We all have them: that list of acclaimed films that everyone seems to love but us. Maybe we can’t fully articulate why we hate these otherwise renowned films. Maybe hype ruined them for us, maybe our issues with specific genres promote our negative acknowledgement. Or maybe, just maybe, we simply don’t like them because… we just don’t like them.
The films below are movies that I cannot stand. They’re all popular, Oscar-friendly hits that generated as much critical praise as commercial recognition. Me? I think they’re better off not mentioned than mentioned at all. I’ve seen every film on this list multiple times, because to bash a classic, I think it’s important to understand why you hate it. Basically, I’ve given these movies a fair, unbiased shot, and they simply do not do it for me.
By all means, let chaos ensue in the comments section by bashing my bashes, and, of course, telling me which popular movies you detest.
Movies I Hate That You (Probably) Love
It’s a Wonderful Life (1946)
The term “Capracorn” is something I understand and appreciate all too well. Most of the time, the term is used as an endearment to describe the positive sentiment associated with most Frank Capra films. For me, it describes the ungodly corniness of the majority of his movies, It’s a Wonderful Life being the chief example.
The film is so undeterred in its every-little-thing-is-gonna-be-all-right sentimentality that it makes me want to puke. It probably doesn’t help that when James Stewart wasn’t being directed by John Ford or Alfred Hitchcock, he was a one note actor of less-than-limited range (but that’s cause for a different post).
Mind you, I don’t consider all Capra to be crap, I quite enjoyed It Happened One Night and You Can’t Take it With You, It’s a Wonderful Life, however, is heavy-handed didacticism at its absolute best. Which is meant as a grand insult.
Musicals/Epics from the ‘50s and ‘60s (1951-1964)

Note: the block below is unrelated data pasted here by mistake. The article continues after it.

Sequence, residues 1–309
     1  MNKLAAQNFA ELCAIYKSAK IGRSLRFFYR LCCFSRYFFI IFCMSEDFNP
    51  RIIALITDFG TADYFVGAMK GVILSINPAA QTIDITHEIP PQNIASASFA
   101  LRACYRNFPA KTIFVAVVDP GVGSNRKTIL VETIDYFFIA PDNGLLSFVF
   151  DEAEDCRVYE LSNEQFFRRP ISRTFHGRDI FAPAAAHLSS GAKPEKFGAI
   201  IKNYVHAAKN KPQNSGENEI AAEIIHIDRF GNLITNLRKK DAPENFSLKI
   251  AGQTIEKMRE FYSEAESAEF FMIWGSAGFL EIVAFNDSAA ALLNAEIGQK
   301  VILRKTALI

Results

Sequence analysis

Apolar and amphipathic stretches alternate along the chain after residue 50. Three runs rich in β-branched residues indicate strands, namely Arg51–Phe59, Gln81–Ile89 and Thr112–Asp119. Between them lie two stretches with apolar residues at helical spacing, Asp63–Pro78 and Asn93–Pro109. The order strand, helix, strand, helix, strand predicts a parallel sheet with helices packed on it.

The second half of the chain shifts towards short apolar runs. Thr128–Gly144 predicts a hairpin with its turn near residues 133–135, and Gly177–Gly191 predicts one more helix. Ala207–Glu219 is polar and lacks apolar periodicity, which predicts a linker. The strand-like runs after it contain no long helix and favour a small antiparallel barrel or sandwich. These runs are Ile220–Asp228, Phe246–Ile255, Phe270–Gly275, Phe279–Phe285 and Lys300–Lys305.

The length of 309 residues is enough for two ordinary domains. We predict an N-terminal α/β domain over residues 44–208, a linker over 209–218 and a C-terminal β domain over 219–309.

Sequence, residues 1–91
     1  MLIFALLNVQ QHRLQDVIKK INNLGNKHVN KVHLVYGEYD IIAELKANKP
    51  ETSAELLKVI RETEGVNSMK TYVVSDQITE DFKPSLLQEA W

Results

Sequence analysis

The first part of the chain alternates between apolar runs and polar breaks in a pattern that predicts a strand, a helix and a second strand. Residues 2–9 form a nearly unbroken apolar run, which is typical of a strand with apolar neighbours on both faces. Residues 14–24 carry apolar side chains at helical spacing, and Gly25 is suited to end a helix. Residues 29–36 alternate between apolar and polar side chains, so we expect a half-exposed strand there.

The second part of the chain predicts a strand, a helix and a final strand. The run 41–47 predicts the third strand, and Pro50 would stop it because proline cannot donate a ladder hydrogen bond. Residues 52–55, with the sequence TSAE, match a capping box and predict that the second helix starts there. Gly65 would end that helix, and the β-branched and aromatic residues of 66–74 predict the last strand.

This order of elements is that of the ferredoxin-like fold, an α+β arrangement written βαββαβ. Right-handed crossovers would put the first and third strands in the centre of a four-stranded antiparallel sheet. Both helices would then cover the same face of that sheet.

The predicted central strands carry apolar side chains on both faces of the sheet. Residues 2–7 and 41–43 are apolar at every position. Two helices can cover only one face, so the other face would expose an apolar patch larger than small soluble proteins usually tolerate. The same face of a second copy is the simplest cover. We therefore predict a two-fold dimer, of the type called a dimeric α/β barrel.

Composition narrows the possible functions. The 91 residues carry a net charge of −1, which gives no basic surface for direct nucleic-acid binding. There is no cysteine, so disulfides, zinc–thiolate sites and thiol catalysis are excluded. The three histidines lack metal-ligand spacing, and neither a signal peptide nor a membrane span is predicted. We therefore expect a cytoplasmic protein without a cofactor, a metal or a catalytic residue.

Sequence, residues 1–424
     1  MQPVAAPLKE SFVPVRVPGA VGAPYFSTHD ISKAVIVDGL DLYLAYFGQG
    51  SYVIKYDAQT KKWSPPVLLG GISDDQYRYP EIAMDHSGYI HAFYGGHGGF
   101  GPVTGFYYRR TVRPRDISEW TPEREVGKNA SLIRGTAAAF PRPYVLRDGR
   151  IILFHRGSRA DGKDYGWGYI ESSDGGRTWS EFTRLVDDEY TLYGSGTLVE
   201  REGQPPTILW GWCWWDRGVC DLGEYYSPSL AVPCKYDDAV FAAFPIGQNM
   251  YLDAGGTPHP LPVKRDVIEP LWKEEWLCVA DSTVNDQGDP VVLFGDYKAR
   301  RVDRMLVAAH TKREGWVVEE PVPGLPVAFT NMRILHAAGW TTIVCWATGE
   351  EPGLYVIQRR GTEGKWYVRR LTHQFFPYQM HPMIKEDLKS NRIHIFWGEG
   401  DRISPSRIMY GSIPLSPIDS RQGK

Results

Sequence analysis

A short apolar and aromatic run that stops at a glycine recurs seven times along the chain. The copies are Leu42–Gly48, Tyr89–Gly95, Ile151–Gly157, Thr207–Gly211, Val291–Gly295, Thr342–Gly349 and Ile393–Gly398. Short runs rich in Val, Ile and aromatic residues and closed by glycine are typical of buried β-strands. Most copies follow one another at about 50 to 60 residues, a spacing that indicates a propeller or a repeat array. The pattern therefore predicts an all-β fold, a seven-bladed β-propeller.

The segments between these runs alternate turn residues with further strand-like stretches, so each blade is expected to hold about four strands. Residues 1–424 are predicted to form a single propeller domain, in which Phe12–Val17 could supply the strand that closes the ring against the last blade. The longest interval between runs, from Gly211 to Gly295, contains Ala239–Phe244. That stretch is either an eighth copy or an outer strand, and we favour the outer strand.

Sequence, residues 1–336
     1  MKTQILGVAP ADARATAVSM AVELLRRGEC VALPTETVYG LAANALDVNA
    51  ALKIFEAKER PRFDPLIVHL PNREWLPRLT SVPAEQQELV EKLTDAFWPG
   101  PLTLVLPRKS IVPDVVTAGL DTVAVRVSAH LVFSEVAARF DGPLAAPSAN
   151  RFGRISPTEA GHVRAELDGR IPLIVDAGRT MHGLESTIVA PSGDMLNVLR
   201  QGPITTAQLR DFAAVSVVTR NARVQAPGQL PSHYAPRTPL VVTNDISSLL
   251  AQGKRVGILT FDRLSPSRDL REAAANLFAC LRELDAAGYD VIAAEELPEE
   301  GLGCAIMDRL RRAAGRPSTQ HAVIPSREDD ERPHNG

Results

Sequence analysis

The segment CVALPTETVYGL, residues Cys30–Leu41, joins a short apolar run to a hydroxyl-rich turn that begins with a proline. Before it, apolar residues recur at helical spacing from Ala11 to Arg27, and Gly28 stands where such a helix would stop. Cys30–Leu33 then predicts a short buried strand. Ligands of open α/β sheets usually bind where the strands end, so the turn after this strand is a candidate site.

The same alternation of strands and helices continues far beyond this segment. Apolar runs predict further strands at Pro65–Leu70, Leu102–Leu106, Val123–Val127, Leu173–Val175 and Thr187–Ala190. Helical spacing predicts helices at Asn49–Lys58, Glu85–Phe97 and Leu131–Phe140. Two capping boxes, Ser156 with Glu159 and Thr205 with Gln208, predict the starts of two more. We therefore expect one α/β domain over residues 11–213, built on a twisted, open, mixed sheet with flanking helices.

Sure, musicals aren’t my thing, and I don’t typically take a shine to overblown epics, but there are a slew of Best Picture winners from the ‘50s and ‘60s that I think are just laughably awful.
An American in Paris, The Greatest Show on Earth, Around the World in 80 Days, Gigi, My Fair Lady (to name a few): hate ‘em all. While I appreciate the effort that went into the musical numbers and elaborate action sequences, those scenes are not enough to justify these films. Content matters, and aside from their epic scale, these movies have next to none of it.
Also, Audrey Hepburn’s accent in My Fair Lady is arguably the worst voice inflections ever attempted for a film. There’s a reason she wasn’t nominated for her performance.
The Indiana Jones Films (1981-1989)
To be fair, as a cinephile, it’s impossible to not appreciate (if ever so slightly) some of what is achieved in Raiders of the Lost Ark. The opening scene, the nonchalant shootout; that’s all fine and well, but for the most part, I am completely unmoved by these films.
When I profiled Steven Spielberg, I said that in the many times I’ve forced myself to watch the Indy films, I found myself counting the minutes until they were done, and that really is the best way for me to put it.
Raiders of the Lost Ark can have an indifferent pass, but Temple of Doom and The Last Crusade… hated ‘em then, hate ‘em now. At least we can all agree that Kingdom of the Crystal Skull was goddamn bloody awful, right?
I get it, Mel wanted to assert himself as a serious director, capable of telling sweeping stories with a nostalgia reminiscent of Ben-Hur, but good god, how much can you possibly shove down our throats? The awful accents, the fake labored love, the rape, the endless talking, the cookie-cutter acting, the forced ending; give me a break.